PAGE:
Whether or not you buy into Locke—an 85-minute movie in which Tom Hardy spends 99% of the time driving and talking on the phone—as a thrilling and daring cinematic experience will depend greatly on how much you’re able to invest in the character of Locke himself. Because while Locke strikes some interesting notes as an exercise in minimalist filmmaking, it fails to deliver the full-fledged symphony that would make it a true triumph.
As conceived by writer-director Steven Knight (screenwriter of Dirty Pretty Things and Eastern Promises), Ivan Locke (Hardy) is certainly a sympathetic figure. Though also one all too familiar from numerous films, TV shows, books and plays from the last several decades. He’s a standup guy—a husband, a father, a competent professional with a solid high-level job in construction—and we meet him at the dramatic turning point when he could lose it all. He’s just embarked on a late-night road trip from Birmingham to London in the U.K., and through a series of phone calls with his wife (Ruth Wilson), sons (Tom Holland, Bill Milner), colleagues (Andrew Scott, Ben Daniels) and the woman he’s driving to see (Olivia Colman), we’ll discover the purpose of Locke’s journey and exactly what he’s risking.
Dramatic stuff to be sure, though far removed from the sort of nail-biting thriller narrative audiences have come to expect from the man-in-a-confined-space sub-genre (think: Ryan Reynolds in Buried, Colin Farrell in Phone Booth, etc.). There’s no one holding a gun to Locke’s head. He’s not racing to stop a bomb. His life is never in jeopardy. The suspense in Locke is strictly emotional: Can Locke hold on to both his family and his job while remaining true to himself as a man? We’re meant to root for Locke because he’s a good guy, and not the kind of morally dubious anti-hero you’d see heading up a cable TV drama. It’s a solid choice that makes Locke the film both traditional and still somewhat outside the zeitgeist, though not to an extent that makes Locke the man fully register as a particularly compelling character to study.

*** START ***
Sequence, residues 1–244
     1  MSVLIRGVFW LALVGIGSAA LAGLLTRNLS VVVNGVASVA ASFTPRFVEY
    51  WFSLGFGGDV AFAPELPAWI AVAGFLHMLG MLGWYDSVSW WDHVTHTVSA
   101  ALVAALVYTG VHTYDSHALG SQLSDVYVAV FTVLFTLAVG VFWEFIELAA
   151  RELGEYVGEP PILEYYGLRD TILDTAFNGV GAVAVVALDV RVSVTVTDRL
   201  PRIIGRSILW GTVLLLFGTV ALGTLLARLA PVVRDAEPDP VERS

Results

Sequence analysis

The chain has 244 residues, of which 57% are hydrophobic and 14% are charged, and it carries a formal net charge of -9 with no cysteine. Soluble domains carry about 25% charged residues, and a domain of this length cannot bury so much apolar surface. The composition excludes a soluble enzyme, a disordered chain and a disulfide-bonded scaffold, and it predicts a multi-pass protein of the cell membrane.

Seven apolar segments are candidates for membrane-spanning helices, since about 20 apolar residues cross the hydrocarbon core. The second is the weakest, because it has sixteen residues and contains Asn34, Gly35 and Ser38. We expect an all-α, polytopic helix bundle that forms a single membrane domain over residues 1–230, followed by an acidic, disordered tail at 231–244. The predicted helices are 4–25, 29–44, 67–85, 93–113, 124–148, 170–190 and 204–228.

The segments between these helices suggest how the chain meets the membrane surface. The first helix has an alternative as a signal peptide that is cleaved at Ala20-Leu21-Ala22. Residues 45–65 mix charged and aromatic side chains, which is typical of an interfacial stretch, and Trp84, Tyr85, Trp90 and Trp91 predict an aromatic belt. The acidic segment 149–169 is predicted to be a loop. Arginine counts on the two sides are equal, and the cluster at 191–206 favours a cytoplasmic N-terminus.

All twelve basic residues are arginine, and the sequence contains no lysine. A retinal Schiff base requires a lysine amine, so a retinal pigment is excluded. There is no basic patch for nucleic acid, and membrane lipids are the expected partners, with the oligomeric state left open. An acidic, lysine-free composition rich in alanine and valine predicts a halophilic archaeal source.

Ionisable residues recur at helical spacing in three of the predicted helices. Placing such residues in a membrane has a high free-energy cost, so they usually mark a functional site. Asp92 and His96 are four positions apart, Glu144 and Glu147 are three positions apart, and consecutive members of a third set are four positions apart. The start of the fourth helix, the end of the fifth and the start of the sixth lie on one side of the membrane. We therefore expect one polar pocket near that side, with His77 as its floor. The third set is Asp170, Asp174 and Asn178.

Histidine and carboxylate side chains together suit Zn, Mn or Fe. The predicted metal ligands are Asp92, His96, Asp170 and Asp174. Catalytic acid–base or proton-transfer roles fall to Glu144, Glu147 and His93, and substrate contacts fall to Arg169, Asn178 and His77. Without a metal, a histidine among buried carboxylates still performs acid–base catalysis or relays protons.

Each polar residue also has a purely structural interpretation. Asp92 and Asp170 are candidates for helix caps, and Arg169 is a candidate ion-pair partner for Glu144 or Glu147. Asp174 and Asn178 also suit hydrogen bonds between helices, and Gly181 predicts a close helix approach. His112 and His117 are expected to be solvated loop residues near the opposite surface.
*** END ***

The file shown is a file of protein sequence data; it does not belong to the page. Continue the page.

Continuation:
That’s where the unusual structure and savvy casting come into play. This is truly a one-man show—something relatively common on stage, less so on film—and writer-director Steven Knight finds an ideal collaborator in acclaimed actor and rising star Hardy. It’s crucial that Hardy has already established himself as both a brave and unpredictable screen presence with diverse roles in films such as Bronson and The Dark Knight Rises, and a charismatic leading man type even in supporting roles such as Inception and Tinker Tailor Soldier Spy. You can’t have a star vehicle without a star, and Knight needs someone in the driver’s seat who can keep viewers hooked with the subtlest shift of emotions.
In a way, Locke is perfectly timed counterprogramming to the looming summer blockbuster season. It’s the perfect movie for critics to single out and exclaim, “Look, you don’t need those fancy special effects and $200 million budgets! All you need is a good actor in a car!” While that may be true, you still need an interesting script, and by that measure Locke’s tank is only about half full. Knight’s writing is often a little too contrived and always a little too polished. It undermines all of Hardy’s carefully considered subtlety. And the storyline’s simple, straightforward structure is ultimately steamrolled by tractor-trailer sized metaphors and explicitly stated themes: a man on a moral journey, the ease with which one mistake can destroy a life and a career (just like the foundational cracks in a poorly constructed building), and the psychological scars of boys abandoned by their fathers (bolded, italicized and underlined by a few ill-advised scenes of Hardy railing against a non-existent passenger in the backseat).
Despite the choice to employ a rather inexplicable Welsh accent, Hardy’s performance is never less than genuine, which ensures even the most hackneyed moments are at least somewhat affecting. And the film’s hypnotic visual style, a sleek evocation of the experience of cruising down a highway at night, successfully conjures a seductive power similar to the night driving sequences in Nicolas Winding Refn’s Drive. Yet, all of it essentially boils down to a white guy dealing with a midlife crisis, and that’s a rather banal engine for such an eye-catching vehicle.
Director: Steven Knight
Writer: Steven Knight
Starring: Tom Hardy, (voices: Ruth Wilson, Olivia Colman, Andrew Scott, Tom Holland, Bill Milner, Ben Daniels)
Release Date: Apr. 25, 2014